For the past few days and the next several weeks, I have exchanged my chair in a typical, if minuscule, academic office for another less comfortable wooden thing in a major university antiquities collection. Instead of holding a volume of Talmud in my hands, more often then not I find myself gingerly examining artifacts (what else, magic bowls and Sasanian seals) and thinking of the ancients who owned them over a thousand years ago. Along the way, the process has opened up for me a new way of thinking about the tangible age of the world and how we, as academics, try to find our way in it. Beyond their original producers and consumers, like all artifacts the bowls also represent the people who discovered them a hundred(+) years ago, the dealers, collectors, shippers, curators, restorers - the host of characters that contributed to the process of placing a few of them into my hands during this unusually cool summer. Now, a jaunt over to the stacks has itself become a historical journey. Many of the books that I regularly use, for better or for worse, have not been checked out of the library for decades or more. And the stacks are dank, not just with the smell of aging books but the very weight of history: The history of scholarship, learning, and ultimately the way we think now. Like most Talmudists in the wake of Boyarin, I've read the works of that secular prophet, the "archaeologist of knowledge", and his descendants, and I know that scholarship of ancient things is not ancient at all, but an inquiry into things current. So my epiphany in the stacks and in the Babylonian collection is not a revelation of knowledge per se, but an experiential one. Truthfully, this feeling waxes and wanes with the change of seasons and semesters. And sometimes the apology of historical continuity and meaningfulness, especially in terms of the history of ideas, falls flat and limp. As some of you have argued, this is apparently the pervasive angst of many scholars, but especially Talmudists. On the other hand, Talmudists do hold the keys to the "ground zero" of meaning and experience in Judaism. What Jews do and think today is closely linked to particular textual movements in the Bavli (of course mediated by later ways of thinking and experiencing), and we can explain the phenomena fairly well.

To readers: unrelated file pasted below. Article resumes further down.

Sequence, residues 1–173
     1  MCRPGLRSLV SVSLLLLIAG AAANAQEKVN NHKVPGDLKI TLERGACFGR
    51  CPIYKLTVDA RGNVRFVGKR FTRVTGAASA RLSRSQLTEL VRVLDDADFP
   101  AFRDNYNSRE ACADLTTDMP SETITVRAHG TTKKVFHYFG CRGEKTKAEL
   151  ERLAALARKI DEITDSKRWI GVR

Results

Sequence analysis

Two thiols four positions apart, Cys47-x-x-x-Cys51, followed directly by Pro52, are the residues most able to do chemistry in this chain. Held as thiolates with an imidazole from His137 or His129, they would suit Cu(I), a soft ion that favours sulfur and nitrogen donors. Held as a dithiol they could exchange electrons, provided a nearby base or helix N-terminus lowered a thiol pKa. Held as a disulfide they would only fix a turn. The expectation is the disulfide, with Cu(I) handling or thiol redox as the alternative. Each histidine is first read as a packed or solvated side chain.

With all due respect, I think that historians who need to write op-eds about current affairs like talking heads are not doing anyone a service - even, and especially, when they are great historians.
They are often not equipped to talk about current events directly, and in any case it is unnecessary. There are those who care about the ancient world and texts for reasons of curiosity and spirituality. This is particularly true in the Jewish community - especially amongst those who make Jewish learning a regular part of their schedule. For this (growing) demographic, the role of the Talmudist almost self evident.
There are still a number of real challenges: For the philologically-inclined Talmudist, there is the sense that the Bavli does not read like an open book (even after looking at commentaries and translations). There are manuscripts to be consulted, linguistic analyses to be performed, and textual layers to be peeled away from earlier sources before one can even approach the truth(s) of the text. This partially explains the paternalism endemic to the relationship between Talmudists and the Jewish community, and yes, that paternalism is a problem. Somehow we need to conceive of a way to break down the town and gown barrier, which will include genuine respect for the "community of learners" and the weight of tradition (rishonim, methods of learning) etc. But the dance is that we cannot avoid the fact that some of what we have to say is grounded in real "scientific" analysis and is not simply another "wort" (on the other hand, much of what we have to day is not scientific and we need to admit this). We cannot apologize for this or for the theological challenges inherent in the process. We can only ease the process.

As for those in the Jewish community who are not already engaged in some capacity in Jewish learning, I have little to say. The problem is particularly acute in the US, where the geographic distance from the rest of the world and the chronological gap between us and the ancients is enormous. It contributes to a lack of curiosity in the past (See this preface). Still with the "sexiness" of edgy Jewish learning, maybe the Talmud can also find its way.

Friday, June 26, 2009

Picking up the Pieces

Shall we finish things off? Dan Levene (Southampton) and Matthew Ponting (Liverpool) gave a presentation that was methodologically significant for the conference but dealt with Mishna and Palestine. In short, they discussed a startling set of data in Roman Palestine where unlike all other metalworking sites after the introduction of brass, there is very little chemical mixing between the brasses and the bronzes. This implies that there was pretty much no zinc around in the shops and they were quite conservative in their opposition to brass. It requires a concerted effort between the shops and the "scrap-metalers". This seems to be confirmed by the lists of objects in m. Keilim (especially 11-13), but why is another question. Probably had something to do with purity, but that was not the purpose of the talk.